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Cognitive Science

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  1. Introduction
  2. The human brain
  3. Mind and brain
    1. A generally accepted view of the mind
    2. The neural net profile
  4. Energy and information
  5. Information processing
  6. Attention
    1. Definition
    2. Early conceptualizations of attention
    3. Selective attention
    4. Attention capacity
    5. Optimal performance
    6. Sustained attention
  7. Forms od representations
  8. Sensation and perception
  9. Memory systems
  10. Conclusion
  11. Basic references

The fields relevant to this overview are a part of the interdisciplinary studies of cognitive science, which includes anthropology, cognitive psychology, developmental psychology, psycholinguistics, artificial intelligence and computational science, and neuroscience. Each of these disciplines provides an important and unique perspective on how to understand the human psyche. Biological, psychodynamic, and social psychiatry can find a common home and language within cognitive science. The common divisions of nature versus nurture and biology versus psychology disappear when the origins of mental processes are examined.

[...] The cooperative communication of infant-caregiver attachments is thought to provide the building blocks for emotional development as well as for abstract reasoning and cognitive abilities. The patterns of interaction between child and caregiver have a direct impact on the way the brain develops and the mind of the child functions. Thus, cognitive processes need to be considered as the way in which the mind emerges from within the genetic, physiological, and experiential factors that shape the development and maintenance of mental function. [...]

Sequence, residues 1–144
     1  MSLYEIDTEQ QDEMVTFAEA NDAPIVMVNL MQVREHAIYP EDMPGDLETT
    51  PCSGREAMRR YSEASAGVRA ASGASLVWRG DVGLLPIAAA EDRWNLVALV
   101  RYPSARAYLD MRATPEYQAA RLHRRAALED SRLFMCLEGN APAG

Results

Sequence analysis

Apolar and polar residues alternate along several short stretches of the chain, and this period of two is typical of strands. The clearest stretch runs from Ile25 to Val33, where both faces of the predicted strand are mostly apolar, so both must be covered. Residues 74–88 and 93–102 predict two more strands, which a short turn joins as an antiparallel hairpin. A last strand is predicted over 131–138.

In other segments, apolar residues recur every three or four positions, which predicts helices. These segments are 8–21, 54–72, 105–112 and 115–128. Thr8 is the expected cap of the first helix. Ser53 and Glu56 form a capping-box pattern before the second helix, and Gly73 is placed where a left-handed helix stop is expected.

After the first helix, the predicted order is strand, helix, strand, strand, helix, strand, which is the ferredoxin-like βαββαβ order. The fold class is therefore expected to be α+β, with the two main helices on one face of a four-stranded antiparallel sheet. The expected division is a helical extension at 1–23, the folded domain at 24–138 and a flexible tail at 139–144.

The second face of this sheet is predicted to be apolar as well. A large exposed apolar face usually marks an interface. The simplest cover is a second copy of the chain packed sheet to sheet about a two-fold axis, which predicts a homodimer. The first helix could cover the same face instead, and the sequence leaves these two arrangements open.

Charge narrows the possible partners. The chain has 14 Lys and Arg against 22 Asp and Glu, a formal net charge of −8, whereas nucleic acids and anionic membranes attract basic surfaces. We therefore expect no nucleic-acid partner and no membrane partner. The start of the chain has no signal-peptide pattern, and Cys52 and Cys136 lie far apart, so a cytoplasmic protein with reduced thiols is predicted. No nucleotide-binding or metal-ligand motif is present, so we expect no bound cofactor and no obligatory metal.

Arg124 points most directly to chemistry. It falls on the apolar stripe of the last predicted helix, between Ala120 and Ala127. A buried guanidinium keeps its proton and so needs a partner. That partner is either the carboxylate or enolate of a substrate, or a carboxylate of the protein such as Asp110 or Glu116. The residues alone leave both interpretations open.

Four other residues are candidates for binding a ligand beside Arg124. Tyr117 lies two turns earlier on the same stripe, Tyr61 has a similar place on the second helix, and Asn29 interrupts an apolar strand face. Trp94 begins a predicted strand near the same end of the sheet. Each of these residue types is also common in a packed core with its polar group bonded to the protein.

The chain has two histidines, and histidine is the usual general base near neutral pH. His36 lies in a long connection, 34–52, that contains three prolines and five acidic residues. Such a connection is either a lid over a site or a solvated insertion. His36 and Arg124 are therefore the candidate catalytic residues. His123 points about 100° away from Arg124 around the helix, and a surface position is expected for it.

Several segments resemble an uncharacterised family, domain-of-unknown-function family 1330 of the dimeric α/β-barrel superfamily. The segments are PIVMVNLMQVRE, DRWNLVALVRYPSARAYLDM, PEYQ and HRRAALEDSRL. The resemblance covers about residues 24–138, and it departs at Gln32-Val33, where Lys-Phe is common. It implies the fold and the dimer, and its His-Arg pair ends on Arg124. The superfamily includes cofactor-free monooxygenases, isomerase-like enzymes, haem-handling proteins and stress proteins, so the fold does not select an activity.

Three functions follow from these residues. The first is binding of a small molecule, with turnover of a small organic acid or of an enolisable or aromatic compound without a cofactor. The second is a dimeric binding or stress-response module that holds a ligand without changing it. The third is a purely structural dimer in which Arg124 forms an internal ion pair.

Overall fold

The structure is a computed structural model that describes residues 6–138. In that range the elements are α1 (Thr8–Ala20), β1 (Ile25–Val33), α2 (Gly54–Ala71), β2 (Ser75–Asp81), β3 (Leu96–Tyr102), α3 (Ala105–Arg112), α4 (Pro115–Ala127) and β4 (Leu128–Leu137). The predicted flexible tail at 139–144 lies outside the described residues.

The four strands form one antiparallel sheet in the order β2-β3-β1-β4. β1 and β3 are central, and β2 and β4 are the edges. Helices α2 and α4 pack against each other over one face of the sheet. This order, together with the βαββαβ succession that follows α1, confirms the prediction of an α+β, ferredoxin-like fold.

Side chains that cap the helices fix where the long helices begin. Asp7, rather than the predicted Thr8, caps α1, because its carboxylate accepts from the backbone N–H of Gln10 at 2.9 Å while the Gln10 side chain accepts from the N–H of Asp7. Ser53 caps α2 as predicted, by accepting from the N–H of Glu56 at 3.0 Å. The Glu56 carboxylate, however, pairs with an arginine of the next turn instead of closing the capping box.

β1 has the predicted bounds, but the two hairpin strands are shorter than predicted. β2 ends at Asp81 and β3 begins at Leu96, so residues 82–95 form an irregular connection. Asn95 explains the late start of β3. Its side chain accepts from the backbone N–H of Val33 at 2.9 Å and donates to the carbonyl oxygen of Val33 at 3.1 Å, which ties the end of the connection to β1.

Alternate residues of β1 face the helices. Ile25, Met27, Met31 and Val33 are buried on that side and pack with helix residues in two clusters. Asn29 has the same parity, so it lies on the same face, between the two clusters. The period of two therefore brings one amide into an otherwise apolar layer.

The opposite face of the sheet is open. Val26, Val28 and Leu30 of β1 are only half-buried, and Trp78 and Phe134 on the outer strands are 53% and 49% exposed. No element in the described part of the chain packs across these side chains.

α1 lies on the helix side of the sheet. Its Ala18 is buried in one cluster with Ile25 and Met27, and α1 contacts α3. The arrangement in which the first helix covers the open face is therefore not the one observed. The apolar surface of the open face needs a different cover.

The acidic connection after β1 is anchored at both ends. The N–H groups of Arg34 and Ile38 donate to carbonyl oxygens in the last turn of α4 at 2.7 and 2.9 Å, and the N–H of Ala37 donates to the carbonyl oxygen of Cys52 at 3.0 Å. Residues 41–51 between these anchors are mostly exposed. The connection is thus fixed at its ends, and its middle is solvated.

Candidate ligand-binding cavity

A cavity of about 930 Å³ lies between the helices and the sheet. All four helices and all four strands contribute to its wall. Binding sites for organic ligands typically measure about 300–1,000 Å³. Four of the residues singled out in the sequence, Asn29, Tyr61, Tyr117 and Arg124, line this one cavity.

[...] More recent views have considered the concept of general cognitive resource capacity, which limits the stimuli processed. These perspectives have been applied to understanding various psychiatric conditions, such as schizophrenia and attention-deficit/hyperactivity disorder. Selective Attention One aspect of attention is that it focuses a metaphorical spotlight on external stimuli or internal mental representations. In Broadbent's conceptualization, selectivity has three dimensions: filtering, focusing on specific attributes (e.g., large squares versus small squares); categorizing, based on stimulus class (e.g., attending to letters in whatever script they are written); and pigeonholing, reducing perceptual information needed to place a stimulus into a specified category (e.g., using only long hair to classify individuals as female). [...]

[...] Cognitive processes that can group bits of information into large chunks (chunking) can increase the capacity of working memory by making each unit more information-rich. Representations are then processed and placed within long-term memory where they can be retrieved for future use. A process called cortical consolidation is thought to involve some form of rehearsal and perhaps rapid eye movement sleep in which items in long-term memory are further processed and placed within permanent memory storage. ATTENTION Attention is the process that controls the flow of information processing. [...]

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